Wayne Hsiung
Published on
September 3, 2013

On Controversy and Campaigns

This weekend, I gave a talk on the importance of campaigns, at the DxE House in Oakland. I talked about five reasons that the campaign model is an effective, and perhaps vital, model for social justice activism.  

  • Campaigns, at root, are stories, and stories are powerful forces for change 
  • Campaigns draw attention
  • Campaigns move people to action because they see their activism as part of a greater mission or calling
  • Campaigns go viral, as they expressly encourage independent groups and individuals to join a unified message and mission  
  • Campaigns create flow  -- i.e. a structure with clear goals, immediate feedback, and realistic challenges -- that motivate and empower activists to greater commitment

One thing I did not mention, however, that may be just as important is that campaigns, like most real-life stories that involve continuing conflict between passionate adversaries, create controversy . Controversy -- and the clash of ideas underlying any controversy -- is widely perceived as a negative, in animal rights activism. Routinely, we hear prominent groups and activists saying that we must avoid being judgmental , avoid being angry, avoid being pushy, and, in fact, avoid anything that might be even remotely controversial. But when one looks harder at the logic behind this claim, it becomes hard to defend.

Think of the canonical and successful  social justice movements in history. Did they seek out controversy, or did they run from it? Think of the most powerful mobilizations in recent history -- the Indignados in Spain, the Tea Party and Occupy Wall Street in the US, the Arab Spring in the Middle East; did controversy help these mobilizations, or hinder them? Or even just think of your own life, and ask when an idea, a message, or even just a single issue, has most captured the imagination and attention of the people around you? Was it because someone calmly provided you information, or was it because there was some juicy and dramatic element -- some controversy  -- that made the idea seem impossible to avoid?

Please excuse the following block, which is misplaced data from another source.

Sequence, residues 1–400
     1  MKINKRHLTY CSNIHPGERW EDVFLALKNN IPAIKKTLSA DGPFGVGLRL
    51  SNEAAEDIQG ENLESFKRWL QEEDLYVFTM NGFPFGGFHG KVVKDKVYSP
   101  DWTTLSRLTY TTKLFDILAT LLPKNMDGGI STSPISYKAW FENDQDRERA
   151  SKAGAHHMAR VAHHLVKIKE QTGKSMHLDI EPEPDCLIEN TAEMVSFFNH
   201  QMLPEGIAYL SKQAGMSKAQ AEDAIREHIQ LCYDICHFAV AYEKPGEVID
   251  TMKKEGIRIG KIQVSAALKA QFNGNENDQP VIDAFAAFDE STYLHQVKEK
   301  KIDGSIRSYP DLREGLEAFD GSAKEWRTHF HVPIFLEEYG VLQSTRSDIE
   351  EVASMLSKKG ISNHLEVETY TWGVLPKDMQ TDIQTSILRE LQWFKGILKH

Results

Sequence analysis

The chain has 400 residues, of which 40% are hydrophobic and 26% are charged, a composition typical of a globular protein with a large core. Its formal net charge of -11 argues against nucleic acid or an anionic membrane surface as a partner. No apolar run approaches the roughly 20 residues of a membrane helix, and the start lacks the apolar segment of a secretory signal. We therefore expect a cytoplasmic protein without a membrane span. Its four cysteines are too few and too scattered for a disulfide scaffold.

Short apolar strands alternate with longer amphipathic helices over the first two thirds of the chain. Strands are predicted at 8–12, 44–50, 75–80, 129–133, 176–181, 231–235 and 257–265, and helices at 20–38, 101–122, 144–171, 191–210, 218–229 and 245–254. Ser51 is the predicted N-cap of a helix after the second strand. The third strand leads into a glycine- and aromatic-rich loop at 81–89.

In fact, the most prominent legal historian of the Civil Rights Movement, Michael Klarman at Harvard, has shown that polarizing the debate, creating controversy, and triggering a massive backlash, was one of the primary mechanisms by which the Civil Rights Movement succeeded. When controversy forced people to take a stand, it turns out, many decided to stand with the protesters against violence, rather than the racists who assaulted the protesters with knives and sticks. 

The moral of the story? Don't be afraid of personal attacks. Don't be afraid of triggering a defensive reaction. Don't be afraid of debate and polarization.  

Because the lessons of history and psychology teach us that the path to liberation is a path built on the bricks of controversy




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